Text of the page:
Serving as a public apology for ‘Clash,’ ‘Wrath’ doesn’t quite make up for the first mistake, but it’s definitely a step in the right direction.
- Who's going to like it: people who hated ‘Clash of the Titans’ and anyone looking for a big, dumb stylized action movie.
As you may recall, I hated – no – I loathed the Clash of the Titans remake. I saw it once and that was more than enough for me. The story was so stupid I’d spell it s-t-o-o-p-i-d, the acting was awful and the 30-day post-conversion 3D process left the movie looking like it was being projected on a sheet blowing in the wind. The moment I finished writing my review for it, I erased as much of Clash from my memory as possible. The filmmakers must have known how forgettable Clash was because the new sequel, Wrath of the Titans, opens with a voice-over recap of Clash that also catches us up on the what’s happened in the God-governed world since then. Having the filmmakers acknowledge how bad the first movie was shows how much better Wrath is going to be – but it’s still not great. The fact that they also poke fun at the quotable “release the cracken” line from Clash shows how sorry there are and how lucky they know they are to be making this sequel.
Wrath opens with Zeus (Liam Neeson) visiting his new favorite son, demi-God Perseus (Sam Worthington), and seeking his help. You see, mankind has forgotten the Gods, so the Gods are losing their power. With an eminent doom lurking on the horizon, Zeus needs to know that his half human son is his ally. Of course, right after this scene, the unknown threat is revealed when Zeus is captured by Hades (Ralph Fiennes), his life force being stripped from his body to release the biggest titan of them all – Kronos, their pissed off dad. The second this happens, crazy demons – for some reason – fall from the heavens to destroy humans. After Perseus saves his son from a two-headed fire-breathing warg (see The Two Towers), he heads off on a journey that will eventually take him to hell to save his father and stop Kronos from being unleashed.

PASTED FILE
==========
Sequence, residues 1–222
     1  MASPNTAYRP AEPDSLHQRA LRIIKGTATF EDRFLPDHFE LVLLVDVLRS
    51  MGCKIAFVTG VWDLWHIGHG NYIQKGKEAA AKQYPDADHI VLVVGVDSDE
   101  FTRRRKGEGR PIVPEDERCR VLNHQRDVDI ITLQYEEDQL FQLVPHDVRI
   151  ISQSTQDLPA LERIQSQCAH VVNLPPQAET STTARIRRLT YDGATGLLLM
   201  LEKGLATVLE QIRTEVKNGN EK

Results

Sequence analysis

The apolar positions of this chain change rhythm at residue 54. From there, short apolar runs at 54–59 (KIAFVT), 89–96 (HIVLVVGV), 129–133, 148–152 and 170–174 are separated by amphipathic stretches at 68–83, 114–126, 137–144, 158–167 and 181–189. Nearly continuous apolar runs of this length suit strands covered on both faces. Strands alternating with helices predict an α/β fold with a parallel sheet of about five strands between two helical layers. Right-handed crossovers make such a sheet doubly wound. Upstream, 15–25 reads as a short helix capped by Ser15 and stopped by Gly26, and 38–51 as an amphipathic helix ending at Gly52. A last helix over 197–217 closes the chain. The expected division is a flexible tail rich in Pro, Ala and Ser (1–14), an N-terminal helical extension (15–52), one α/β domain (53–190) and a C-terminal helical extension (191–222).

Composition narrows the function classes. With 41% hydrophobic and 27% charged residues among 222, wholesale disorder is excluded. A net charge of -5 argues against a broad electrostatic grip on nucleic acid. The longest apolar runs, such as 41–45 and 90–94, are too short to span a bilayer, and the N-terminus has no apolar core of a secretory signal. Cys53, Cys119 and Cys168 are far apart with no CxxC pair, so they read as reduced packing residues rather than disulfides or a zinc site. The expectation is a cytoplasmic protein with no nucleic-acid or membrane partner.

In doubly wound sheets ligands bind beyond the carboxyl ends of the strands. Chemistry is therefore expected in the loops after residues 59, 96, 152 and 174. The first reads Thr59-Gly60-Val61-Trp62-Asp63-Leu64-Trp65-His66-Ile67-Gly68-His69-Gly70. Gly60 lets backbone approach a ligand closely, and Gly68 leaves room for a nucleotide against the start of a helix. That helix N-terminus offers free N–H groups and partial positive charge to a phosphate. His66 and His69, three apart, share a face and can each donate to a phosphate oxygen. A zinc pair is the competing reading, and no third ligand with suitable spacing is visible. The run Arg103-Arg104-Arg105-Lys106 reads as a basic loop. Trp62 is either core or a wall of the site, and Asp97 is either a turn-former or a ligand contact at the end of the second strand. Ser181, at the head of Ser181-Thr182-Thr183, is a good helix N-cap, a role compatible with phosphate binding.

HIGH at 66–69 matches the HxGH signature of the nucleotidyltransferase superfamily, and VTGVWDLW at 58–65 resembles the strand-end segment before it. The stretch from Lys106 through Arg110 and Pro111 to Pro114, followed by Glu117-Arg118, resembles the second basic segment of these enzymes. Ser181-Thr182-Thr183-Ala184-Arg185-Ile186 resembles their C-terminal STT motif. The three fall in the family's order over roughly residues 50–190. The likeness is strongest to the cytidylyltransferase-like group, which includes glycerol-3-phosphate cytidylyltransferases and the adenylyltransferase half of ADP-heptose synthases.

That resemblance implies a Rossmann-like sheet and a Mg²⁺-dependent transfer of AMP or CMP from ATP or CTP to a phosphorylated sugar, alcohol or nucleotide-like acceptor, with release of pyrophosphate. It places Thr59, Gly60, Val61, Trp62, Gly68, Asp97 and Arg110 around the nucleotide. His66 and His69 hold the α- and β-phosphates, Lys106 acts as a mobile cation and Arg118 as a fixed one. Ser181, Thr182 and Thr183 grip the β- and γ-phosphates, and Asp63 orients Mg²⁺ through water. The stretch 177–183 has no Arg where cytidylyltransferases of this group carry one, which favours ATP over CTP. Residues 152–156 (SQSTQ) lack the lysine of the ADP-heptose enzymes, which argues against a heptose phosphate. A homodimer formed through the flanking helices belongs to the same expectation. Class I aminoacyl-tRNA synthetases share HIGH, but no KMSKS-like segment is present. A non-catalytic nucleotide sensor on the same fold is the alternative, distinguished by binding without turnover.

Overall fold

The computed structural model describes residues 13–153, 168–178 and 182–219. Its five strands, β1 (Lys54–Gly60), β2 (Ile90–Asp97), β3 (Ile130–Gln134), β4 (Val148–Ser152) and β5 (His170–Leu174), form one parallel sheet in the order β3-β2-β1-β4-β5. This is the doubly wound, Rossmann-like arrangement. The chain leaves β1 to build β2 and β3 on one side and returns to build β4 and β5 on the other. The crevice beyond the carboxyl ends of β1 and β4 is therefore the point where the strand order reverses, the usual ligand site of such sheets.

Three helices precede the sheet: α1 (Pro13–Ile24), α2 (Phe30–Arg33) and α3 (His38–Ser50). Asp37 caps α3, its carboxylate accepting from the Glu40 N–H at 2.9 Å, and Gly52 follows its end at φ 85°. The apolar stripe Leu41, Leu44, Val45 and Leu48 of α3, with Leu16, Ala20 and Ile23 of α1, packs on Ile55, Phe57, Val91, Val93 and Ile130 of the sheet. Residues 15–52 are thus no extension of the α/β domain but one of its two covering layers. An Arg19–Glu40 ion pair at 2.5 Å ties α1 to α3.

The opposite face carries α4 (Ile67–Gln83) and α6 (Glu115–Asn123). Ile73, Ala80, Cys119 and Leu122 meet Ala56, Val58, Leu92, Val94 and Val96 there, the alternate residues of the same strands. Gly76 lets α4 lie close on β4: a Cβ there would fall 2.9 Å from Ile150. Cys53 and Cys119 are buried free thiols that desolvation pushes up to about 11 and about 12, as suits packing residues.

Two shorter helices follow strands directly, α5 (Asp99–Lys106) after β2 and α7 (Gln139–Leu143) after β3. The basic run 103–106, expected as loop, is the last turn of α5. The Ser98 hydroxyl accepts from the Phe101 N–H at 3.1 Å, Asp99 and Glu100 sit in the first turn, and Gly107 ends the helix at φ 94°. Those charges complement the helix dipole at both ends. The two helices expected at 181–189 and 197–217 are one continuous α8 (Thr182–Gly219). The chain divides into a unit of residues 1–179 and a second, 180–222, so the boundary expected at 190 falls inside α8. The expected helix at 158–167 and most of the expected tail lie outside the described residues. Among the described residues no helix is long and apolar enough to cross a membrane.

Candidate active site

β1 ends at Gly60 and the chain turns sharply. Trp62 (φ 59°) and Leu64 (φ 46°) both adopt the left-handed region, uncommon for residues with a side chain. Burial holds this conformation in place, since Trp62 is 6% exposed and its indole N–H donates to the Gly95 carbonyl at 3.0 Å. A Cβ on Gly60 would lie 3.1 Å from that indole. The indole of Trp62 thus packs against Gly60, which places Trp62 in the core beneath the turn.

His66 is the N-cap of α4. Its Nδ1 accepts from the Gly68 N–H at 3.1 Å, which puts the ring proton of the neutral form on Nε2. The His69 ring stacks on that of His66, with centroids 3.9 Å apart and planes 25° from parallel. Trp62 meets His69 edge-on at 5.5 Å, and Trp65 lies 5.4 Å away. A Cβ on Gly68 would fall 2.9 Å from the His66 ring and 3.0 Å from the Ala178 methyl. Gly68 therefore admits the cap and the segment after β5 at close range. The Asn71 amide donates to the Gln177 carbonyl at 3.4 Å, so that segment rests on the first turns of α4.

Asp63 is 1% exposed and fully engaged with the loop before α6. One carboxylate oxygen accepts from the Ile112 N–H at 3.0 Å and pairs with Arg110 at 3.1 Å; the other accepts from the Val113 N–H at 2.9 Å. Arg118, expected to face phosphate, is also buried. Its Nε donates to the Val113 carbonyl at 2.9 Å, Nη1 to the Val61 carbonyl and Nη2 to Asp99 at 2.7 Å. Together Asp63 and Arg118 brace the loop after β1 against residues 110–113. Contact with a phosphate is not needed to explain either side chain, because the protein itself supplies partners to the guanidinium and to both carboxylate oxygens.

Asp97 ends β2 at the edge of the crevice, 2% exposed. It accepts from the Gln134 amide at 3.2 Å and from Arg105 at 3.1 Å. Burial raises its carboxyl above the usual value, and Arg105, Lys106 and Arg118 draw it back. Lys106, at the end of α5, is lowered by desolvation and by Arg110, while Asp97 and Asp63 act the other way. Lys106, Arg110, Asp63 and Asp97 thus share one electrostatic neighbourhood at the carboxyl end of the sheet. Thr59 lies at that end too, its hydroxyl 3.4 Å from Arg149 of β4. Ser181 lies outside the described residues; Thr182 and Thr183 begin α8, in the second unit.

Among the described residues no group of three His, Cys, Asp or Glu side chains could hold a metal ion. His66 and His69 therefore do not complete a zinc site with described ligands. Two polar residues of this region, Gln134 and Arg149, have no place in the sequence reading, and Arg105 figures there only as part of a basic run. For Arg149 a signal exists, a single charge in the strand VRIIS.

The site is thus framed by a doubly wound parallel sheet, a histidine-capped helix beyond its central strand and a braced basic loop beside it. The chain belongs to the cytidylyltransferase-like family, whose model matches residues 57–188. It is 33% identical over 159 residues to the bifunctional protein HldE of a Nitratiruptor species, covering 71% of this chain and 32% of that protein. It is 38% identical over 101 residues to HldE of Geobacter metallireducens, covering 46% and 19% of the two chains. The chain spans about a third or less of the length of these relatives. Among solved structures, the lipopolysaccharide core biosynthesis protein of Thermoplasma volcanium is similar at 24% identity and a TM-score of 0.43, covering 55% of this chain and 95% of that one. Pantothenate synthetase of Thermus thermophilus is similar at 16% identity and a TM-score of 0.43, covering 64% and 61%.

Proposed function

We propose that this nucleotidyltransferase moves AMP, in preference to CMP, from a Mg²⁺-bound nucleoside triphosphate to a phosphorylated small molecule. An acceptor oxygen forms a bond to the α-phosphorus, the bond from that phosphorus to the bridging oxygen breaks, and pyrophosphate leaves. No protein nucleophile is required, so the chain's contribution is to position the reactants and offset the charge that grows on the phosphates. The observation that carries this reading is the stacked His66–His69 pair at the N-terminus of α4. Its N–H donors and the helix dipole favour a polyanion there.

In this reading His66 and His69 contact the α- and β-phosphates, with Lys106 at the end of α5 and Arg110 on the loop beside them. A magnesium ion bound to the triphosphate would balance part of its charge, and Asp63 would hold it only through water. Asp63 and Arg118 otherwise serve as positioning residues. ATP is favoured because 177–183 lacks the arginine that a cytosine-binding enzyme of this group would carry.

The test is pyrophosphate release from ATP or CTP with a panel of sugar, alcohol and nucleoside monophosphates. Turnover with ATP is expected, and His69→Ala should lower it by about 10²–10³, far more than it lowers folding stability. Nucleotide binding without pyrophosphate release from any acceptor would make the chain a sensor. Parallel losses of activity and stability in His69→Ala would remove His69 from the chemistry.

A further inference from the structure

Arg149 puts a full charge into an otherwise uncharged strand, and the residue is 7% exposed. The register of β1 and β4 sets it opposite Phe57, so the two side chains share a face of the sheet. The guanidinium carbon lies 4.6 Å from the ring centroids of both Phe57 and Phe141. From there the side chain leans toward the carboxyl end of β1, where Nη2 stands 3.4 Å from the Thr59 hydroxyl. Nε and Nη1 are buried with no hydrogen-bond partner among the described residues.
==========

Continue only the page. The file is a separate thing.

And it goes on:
Like the previous movie, in the very beginning of Wrath, Perseus is told exactly what he must do to save the world. The rest of the movie is filled him simply doing these things that he was told to do. He visits a place, picks up two companions, go with them to another place that he was told to go, then learns the quickest route to hell. The only thing that Perseus has to figure out on his own is how to destroy Kronos (the mile-high lava monster from the trailers) – which even then is pretty random and unexplainable.
What bugs me the most about Wrath? Two things: first, one shot suddenly changes the aspect ratio of the screen to include black bars on the top and bottom just so that one 3D image can appear to actually protrude from the edge of the screen. It doesn’t work, serving only as a lame four-second distraction. The second irritation is that fact that the Queen Andromeda character is played by a different actress – not just any actress, but someone that looks nothing like the Andromeda from Clash. Dark-skinned exotic-looking brunette Alexa Davilos played Andromeda in Clash. In Wrath, she’s played by fair-skinned blond cutie Rosamund Pike. The only way that these two could have been more different is if one had been bald.
What did I like? Wrath of the Titans is non-stop action. All of the fun that you expected from Clash – but didn’t get – is actually present in Wrath. This is one action movie that breezes right on by. Keeping your interest is that fact that the screenplay does not remain within the limited boundaries of the known Greek mythology. All of the rules are thrown out the window. No characters are safe. Anyone can die at any moment. Unpredictability will frustrate those who adore the original tales, but it’s sure to keep everyone on their toes.
Of course, Wrath could have been better – but it’s not terrible. Just know that it delivers the mindless goods that Clash failed to.
Photo credit: Warner Bros.
(2 out of 5)